Autonomous vehicles offer the potential for making streets safer, but currently face regulatory and safety challenges of their own.
Autonomous vehicles and drones have almost fully proven their potential value in various military uses, first in detailed simulated environments and more recently in real-world tests. They are even able to operate in swarms now, using sophisticated artificial intelligence to not only avoid running into each other, but to share workloads and quickly complete complex tasks.
But they are still a long way to becoming commonplace on residential and city streets. A lot of that is because if a drone messes up on the battlefield, there is little chance that any friendly troops will be injured. They are normally operating far from people, or even in contested territory held by an enemy. But if a self-driving car blows through a stoplight or veers off onto the sidewalk of a crowded city street, the results could be tragic, not just for its passengers, but also for everyone around it. So those of us who dream of being driven to work by our vehicles every morning, or having them scoot us back home in the evening while we nap, will have to wait a bit longer for that to happen.
Ironically, the potential for autonomous vehicles to make streets safer was cited as a key reason why The House Transportation Subcommittee on Highways and Infrastructure held a hearing last week on the use of automated vehicles. Entitled “The Road Ahead for Automated Vehicles,” the hearing featured testimony from state and local officials, industry representatives and safety organizations.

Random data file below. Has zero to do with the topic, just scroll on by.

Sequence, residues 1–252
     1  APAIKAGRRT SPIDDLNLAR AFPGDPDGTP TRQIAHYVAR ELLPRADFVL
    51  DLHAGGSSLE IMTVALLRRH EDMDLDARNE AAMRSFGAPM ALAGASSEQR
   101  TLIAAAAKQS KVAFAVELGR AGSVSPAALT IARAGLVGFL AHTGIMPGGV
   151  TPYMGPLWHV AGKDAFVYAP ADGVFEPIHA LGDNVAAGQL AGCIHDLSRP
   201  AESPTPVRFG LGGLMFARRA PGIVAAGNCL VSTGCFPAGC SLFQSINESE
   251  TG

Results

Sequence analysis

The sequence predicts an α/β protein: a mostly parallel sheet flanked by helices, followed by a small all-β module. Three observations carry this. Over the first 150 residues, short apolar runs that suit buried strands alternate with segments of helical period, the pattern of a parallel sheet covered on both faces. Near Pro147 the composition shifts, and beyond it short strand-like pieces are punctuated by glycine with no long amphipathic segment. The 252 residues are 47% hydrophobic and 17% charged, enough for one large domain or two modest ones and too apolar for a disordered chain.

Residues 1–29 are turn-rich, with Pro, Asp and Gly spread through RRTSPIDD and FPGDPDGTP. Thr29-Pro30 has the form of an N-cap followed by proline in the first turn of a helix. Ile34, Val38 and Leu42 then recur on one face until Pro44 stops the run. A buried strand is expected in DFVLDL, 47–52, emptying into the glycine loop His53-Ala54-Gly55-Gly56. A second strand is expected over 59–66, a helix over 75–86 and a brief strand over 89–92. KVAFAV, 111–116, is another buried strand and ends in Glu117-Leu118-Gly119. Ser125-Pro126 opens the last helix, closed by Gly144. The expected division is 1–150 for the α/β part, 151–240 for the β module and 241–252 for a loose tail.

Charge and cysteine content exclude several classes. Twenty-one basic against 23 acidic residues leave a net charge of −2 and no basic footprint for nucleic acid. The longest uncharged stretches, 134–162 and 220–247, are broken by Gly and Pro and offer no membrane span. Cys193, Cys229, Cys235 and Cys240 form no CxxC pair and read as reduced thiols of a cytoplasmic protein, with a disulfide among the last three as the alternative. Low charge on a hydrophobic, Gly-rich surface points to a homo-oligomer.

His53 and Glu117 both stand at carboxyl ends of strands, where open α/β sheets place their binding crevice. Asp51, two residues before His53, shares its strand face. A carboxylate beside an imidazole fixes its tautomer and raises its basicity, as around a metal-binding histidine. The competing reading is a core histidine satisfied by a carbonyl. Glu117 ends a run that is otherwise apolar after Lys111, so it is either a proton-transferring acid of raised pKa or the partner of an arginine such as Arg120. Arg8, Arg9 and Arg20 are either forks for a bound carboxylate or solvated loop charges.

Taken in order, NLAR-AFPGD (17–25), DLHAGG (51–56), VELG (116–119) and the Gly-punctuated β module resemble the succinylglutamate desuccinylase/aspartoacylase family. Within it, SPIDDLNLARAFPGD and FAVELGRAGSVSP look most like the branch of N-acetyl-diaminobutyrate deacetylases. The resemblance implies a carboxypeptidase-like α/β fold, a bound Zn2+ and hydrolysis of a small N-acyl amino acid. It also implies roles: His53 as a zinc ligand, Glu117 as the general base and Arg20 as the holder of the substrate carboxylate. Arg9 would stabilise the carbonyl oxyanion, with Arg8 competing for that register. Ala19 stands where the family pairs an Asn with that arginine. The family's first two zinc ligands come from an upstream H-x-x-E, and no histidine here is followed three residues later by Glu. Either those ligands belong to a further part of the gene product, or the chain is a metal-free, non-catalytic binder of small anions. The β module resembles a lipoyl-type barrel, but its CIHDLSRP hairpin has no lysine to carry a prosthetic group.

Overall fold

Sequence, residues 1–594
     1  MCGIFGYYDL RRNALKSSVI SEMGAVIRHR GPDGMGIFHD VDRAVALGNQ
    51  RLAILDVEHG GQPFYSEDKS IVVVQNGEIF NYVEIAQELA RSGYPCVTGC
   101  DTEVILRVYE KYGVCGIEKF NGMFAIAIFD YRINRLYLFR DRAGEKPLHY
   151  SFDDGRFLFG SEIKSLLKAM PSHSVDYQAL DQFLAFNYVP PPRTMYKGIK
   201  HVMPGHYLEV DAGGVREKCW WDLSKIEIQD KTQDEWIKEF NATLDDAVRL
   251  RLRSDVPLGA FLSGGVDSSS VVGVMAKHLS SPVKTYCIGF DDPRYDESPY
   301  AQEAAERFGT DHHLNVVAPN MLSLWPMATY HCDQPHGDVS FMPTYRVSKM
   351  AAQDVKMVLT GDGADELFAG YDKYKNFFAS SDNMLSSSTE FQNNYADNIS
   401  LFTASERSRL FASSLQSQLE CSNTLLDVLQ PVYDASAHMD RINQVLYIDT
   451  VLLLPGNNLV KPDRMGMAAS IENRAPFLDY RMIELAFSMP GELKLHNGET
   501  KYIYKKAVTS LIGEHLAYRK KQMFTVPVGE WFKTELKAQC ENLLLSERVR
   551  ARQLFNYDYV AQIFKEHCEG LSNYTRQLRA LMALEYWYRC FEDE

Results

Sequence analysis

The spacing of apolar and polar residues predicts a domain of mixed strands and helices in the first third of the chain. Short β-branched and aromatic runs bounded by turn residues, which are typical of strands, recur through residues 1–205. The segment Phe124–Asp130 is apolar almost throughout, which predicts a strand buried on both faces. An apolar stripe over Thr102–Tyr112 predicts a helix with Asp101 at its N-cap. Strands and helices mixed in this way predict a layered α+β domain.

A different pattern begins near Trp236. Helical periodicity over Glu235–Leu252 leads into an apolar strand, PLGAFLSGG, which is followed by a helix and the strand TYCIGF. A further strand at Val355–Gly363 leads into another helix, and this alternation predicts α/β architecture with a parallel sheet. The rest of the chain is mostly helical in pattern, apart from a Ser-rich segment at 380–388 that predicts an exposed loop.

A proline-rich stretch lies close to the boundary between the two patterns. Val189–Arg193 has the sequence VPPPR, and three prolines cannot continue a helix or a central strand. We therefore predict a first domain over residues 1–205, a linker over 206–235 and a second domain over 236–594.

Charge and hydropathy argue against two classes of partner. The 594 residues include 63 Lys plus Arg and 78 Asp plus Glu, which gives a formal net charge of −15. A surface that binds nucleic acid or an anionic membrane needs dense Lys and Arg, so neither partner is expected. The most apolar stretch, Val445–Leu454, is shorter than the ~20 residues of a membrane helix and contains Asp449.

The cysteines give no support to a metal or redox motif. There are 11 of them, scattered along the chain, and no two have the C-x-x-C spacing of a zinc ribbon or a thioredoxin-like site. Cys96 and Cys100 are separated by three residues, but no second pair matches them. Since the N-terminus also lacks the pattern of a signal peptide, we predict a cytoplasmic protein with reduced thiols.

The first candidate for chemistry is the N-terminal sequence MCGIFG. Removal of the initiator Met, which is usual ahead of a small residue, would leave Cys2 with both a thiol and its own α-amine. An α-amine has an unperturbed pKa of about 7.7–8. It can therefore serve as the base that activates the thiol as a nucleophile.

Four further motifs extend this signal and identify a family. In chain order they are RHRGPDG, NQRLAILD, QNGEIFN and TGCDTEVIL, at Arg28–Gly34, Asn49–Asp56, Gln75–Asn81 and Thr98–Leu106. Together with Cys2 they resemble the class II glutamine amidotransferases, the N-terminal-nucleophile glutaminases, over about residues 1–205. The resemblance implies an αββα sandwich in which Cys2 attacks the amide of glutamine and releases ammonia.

The hearing comes as the National Highway Traffic Safety Administration released a report with some sobering statistics about a spike in serious accidents across the country. According to the report, there were 31,720 vehicle fatalities in the first nine months of 2021, which was 12% more than in 2020 and the highest number of deaths on the road since 2006. Autonomous vehicles operating safely could drastically cut those numbers, although most committee members seemed skeptical that the technology was anywhere near being ready for mass deployment.
“We have seen disastrous consequences when automation technology is deployed haphazardly,” said Del. Eleanor Holmes Norton, chair of the subcommittee. “To maximize the road safety impact of AVs, we must ensure that these technologies are held to the highest possible safety standards.”
Norton may have been referring to a slew of bad news for the autonomous vehicle industry over the past couple weeks. First we got word that Tesla was recalling over 50,000 vehicles for running stop signs. But that followed news from one of Tesla’s primary beta testers, a man named Taylor Ogan, who shared footage of his Tesla on Twitter narrowly missing a delivery truck and almost veering into a roadside barrier while trying to navigate a series of busy streets. And finally, there were also reports of hundreds of incidents where autonomous vehicles were traveling at high speeds and then suddenly applied their brakes for no apparent reason. So it’s been a relatively bad time for testing autonomous vehicles.
Ariel Wolf, general counsel for the Autonomous Vehicle Industry Association, which represents Ford, Waymo, Lyft, Volvo, Uber and others, stressed that autonomous vehicles have the potential to make roadways much safer compared with having all human drivers. He also said that once autonomous vehicles were commonplace, that the average household could save an average of $5,600 per year on transportation costs. However, his vision requires that those households rely on shared fleets of autonomous vehicles, which may not be realistic in car-loving America.
Interestingly, most of the speakers agreed that one of the biggest drawbacks to autonomous vehicle deployment was a lack of federal regulations to govern the safety and legality of operating self-driving cars. Instead, vehicles must comply with state laws, so it’s quite possible that a self-driving vehicle operating in one state could suddenly become illegal when it crosses into another.